In 1891 a third building (building 3 on the aerial photo) was opened.  This building contained administrative offices and an amusement hall capable of holding 1,000 people.  The main floor on either side of the administration area was a training school for those residents who it was decided were teachable. The upper two floors provided living quarters for these residents, while the remaining “low grade” residents were warehoused in the two older cottages.  In addition to these buildings the grounds also included farm buildings and land where crops were grown and animals were raised to feed the staff and residents.  Several houses were also constructed to house staff, who superintendent Dr. Alexander Beaton felt should live on site rather than two miles away in Orillia.  In front of the building, terraced gardens and a long path/staircase lead toward the waterfront and the railway line which cut through the property.  Construction of these landscaping features was carried out using the forced labour of the residents, who also worked the farm without pay.

By 1897 the newly built institution was already filled to capacity and over 139 people were on the waiting list for admissions.  Beaton made several suggestions to alleviate overcrowding including the opening of a specific institution for epileptic residents, the construction of an additional two cottages and the acquisition of more land for the farm, which would include housing for residents being used as farm labour.  He reiterated these suggestions the following year as the applications list climbed to 220.  In 1902 Beaton highlighted the institutions commitment to practically implementing eugenicist policies when he urged the construction of two cottages which would be used to house feebleminded women of child-bearing age.

“There can be no question about the wisdom of this step, and until something of the kind is done the rapid increase in the number of feeble-minded will continue.  But if the 600 or 700 feeble-minded women, many of whom are steadily adding to the idiotic and otherwise defective population of the province, were confined in a custodial asylum, the number of defectives, paupers, and petty criminals would decrease, and in less than one generation the cost for maintenance of public institutions would be greatly lessened.”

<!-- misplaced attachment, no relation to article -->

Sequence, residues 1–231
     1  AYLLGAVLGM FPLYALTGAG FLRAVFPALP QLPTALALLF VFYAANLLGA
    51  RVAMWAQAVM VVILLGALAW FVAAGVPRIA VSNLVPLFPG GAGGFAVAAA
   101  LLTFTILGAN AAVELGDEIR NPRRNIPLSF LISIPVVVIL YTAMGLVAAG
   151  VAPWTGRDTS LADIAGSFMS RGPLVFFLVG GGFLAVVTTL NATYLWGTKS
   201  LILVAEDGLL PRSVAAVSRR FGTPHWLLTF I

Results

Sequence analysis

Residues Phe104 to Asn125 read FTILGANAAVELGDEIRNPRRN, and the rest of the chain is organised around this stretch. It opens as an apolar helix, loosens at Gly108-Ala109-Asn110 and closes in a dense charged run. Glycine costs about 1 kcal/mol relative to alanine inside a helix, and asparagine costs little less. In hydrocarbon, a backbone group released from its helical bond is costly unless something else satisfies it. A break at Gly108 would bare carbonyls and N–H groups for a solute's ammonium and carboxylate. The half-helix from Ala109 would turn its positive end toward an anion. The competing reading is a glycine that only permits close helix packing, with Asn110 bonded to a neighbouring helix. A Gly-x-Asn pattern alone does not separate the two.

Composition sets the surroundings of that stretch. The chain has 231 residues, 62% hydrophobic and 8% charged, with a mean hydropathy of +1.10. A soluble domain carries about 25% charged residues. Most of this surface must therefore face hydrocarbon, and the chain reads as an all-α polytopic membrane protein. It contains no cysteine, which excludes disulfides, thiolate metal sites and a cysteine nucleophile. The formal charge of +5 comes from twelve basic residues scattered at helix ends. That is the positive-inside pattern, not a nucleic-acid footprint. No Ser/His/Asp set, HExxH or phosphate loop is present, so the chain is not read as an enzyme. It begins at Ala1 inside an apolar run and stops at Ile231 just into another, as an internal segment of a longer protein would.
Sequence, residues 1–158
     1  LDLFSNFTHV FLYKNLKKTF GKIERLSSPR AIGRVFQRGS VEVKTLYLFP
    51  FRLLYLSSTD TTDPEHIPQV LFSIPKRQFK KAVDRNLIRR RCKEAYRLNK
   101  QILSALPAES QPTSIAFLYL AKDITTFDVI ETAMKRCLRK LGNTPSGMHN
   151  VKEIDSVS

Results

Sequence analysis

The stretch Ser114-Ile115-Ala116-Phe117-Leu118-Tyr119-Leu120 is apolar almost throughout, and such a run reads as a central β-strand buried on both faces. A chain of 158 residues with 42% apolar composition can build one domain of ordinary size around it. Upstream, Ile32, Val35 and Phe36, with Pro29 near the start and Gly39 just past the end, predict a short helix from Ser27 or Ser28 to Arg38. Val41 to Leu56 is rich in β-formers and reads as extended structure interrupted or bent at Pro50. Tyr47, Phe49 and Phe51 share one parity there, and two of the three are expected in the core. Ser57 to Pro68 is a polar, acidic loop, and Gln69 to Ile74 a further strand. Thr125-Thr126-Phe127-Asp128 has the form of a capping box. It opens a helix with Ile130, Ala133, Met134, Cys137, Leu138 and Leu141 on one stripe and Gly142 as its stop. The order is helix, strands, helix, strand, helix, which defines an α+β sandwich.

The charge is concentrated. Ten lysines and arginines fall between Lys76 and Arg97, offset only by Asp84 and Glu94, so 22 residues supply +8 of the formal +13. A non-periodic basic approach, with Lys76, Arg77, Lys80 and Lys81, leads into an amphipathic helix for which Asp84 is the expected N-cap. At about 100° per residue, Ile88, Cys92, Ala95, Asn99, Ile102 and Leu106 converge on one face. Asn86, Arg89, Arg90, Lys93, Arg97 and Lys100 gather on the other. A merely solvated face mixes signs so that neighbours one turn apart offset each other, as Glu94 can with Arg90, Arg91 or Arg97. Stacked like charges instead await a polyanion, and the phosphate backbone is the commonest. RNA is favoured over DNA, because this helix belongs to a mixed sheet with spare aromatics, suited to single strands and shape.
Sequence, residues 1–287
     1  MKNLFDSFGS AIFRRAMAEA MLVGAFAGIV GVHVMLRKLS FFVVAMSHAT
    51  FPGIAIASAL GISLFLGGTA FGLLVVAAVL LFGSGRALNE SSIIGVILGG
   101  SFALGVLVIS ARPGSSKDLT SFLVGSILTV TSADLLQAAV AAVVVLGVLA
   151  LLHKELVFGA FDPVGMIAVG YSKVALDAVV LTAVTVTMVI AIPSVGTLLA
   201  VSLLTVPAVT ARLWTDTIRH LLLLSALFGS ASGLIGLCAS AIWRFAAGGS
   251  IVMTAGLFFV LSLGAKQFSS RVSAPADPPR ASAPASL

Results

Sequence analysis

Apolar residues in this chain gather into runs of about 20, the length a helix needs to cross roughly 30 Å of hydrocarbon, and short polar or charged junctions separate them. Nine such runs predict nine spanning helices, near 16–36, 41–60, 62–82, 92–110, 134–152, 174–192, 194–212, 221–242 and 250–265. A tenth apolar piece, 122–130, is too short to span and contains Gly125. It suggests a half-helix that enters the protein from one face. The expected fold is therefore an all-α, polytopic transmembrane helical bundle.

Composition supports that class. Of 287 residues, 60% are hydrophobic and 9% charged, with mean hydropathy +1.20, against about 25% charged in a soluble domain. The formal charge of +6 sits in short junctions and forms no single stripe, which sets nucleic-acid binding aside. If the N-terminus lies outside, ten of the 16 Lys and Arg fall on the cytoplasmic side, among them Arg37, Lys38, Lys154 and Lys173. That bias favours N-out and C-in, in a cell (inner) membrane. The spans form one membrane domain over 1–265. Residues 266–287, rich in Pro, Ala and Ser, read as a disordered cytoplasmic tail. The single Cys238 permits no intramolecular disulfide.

Beaton also believed that these women would provide a valuable source of free labour in the operation of the institution’s laundry and other domestic departments.

In 1910 Beaton retired as superintendent and was replaced by J.P. Downey, who was not a doctor but a politician.  Downey’s goal as superintendent was to create a self sustaining institution and to that end he acquired an additional 279 acres of land for the farm and oversaw construction of a fire hall, sewage treatment plant, laundry building and an expanded kitchen.  Two new cottages (buildings 4 and 5 on the aerial photo) were also constructed in this era, using the labour of residents and prisoners from the provincial reform system.  Produce from the farm as well as items such as shoes, boots and clothing were produced in such abundance that the excess could be sold to other facilities throughout the province, though the residents who harvested and manufactured this excess never saw a penny for their labour.

Despite these “advancements” which furthered Downey’s goal of creating “one of the largest and most modern” institutions in North America, the superintendent was frustrated over the kind of people being admitted to the institution.  Downey did not want the very old, young or those with high support needs filling up the facility.  Under his watch all those who were able would be put to work while those unable to contribute to the operation of the facility would be hidden away in the upper reaches of the institution.  Although Downey died in 1926 his views would continue to impact the operation of the institution, which by then had come to be known as the Ontario Hospital, Orillia.  As late as the 1950’s residents with higher support needs continued to be housed in terrible conditions on the upper floors of the oldest parts of the hospital.

Following Downey’s death, Dr. B.T. MacGie became the new superintendent.  Under his guidance more emphasis was placed on education and a social services department and training school for nurses was established.  However, MacGie’s time as superintendent was short lived and by the 1930’s he had been replaced by Dr. S.J.W. Horne.  Beginning in this era government inspectors made somewhat regular visits to the hospital.  In part two we will draw from these reports and the testimony of survivors to gain a glimpse into the realities of day to day life at the institution in Orillia.

This is part of a series of posts addressing themes from the neurodiversity movement and paradigm which will be published during the course of April 2016. To read the rest of the posts, please click here.